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Freezing Your Eggs in North Dakota
Egg freezing is a type of fertility-preserving procedure in which a woman's healthy eggs are harvested and then frozen so they remain viable. Recently, the American Society for Reproductive Medicine lifted its "experimental" label from the procedure, as new evidence has shown that the technique can produce pregnancy rates comparable to IVF using fresh eggs.
Many women choose to freeze their eggs if they know they'd like to have a child one day, but feel the time isn't right to do so now. This can be due to social issues--perhaps the woman hasn't yet met the partner she'd like to raise a family with, or maybe she has educational or career goals she'd like to attain first. Other women may choose to freeze their eggs for medical reasons, such as necessary treatment that may leave them infertile.
How does Egg Freezing Work?
The greatest probability for success with egg freezing exists if a woman freezes her eggs in her 20s or early 30s, as egg quality declines as a woman ages.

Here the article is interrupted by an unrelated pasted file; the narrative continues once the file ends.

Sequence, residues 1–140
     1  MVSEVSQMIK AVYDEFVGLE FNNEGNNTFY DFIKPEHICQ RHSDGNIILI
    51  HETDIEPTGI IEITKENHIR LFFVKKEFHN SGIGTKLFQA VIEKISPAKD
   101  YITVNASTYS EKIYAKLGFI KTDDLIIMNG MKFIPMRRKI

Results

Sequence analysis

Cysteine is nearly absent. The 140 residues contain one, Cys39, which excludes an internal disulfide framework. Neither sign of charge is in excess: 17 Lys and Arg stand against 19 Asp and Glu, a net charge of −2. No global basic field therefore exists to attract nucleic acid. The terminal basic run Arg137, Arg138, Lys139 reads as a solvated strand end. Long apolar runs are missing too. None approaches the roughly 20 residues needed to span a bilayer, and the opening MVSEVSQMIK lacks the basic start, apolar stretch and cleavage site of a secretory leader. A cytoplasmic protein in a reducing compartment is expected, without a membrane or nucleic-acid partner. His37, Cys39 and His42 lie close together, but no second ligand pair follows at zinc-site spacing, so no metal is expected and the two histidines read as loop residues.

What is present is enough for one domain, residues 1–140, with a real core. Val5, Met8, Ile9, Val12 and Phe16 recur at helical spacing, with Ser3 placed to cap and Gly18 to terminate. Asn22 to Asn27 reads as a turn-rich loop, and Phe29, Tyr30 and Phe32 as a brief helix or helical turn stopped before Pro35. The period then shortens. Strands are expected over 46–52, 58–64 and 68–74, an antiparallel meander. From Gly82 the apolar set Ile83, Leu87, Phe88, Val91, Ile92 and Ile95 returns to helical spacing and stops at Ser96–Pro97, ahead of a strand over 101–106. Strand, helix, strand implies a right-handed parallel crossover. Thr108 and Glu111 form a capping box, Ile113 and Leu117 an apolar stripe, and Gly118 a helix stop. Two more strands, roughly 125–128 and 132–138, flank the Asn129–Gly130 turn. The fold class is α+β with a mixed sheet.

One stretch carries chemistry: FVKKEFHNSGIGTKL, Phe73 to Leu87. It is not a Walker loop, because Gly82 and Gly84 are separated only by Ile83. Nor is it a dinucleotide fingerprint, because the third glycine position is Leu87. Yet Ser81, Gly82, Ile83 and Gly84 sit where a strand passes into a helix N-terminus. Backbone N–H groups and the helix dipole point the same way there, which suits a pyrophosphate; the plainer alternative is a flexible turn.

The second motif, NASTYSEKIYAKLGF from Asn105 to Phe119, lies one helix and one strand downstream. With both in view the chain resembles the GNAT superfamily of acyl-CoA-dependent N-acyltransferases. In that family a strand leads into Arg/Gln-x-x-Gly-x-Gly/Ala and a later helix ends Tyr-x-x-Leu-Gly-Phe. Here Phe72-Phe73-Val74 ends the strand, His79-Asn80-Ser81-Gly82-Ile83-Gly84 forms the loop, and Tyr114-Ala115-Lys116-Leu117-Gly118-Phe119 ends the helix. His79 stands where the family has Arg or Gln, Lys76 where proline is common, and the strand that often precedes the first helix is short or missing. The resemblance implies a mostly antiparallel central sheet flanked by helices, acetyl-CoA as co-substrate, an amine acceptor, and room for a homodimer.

As with any fertility procedure, it's important to seek out a fertility clinic that has experience and successful outcomes with egg freezing. After meeting with a fertility doctor, you'll undergo some tests, like blood work and ultrasound. You will then take fertility drugs for ovarian stimulation--this will increase the number of eggs for harvesting.
When your eggs are ready, you'll be given a "trigger shot" to jumpstart the retrieval process. Approximately 36 hours after this shot, your fertility doctor will begin the actual retrieval. While you are under anesthesia, your doctor will use an ultrasound-guided needle to harvest your eggs. Then, they will be frozen. A new technique called vitrification will usually be used, as this has been shown to preserve egg quality. Your eggs will then be stored until you need them.
Where Can I Freeze My Eggs?
For information on finding a fertility clinic or frozen egg bank for egg freezing and/or storing, visit EggFreezingCosts.com.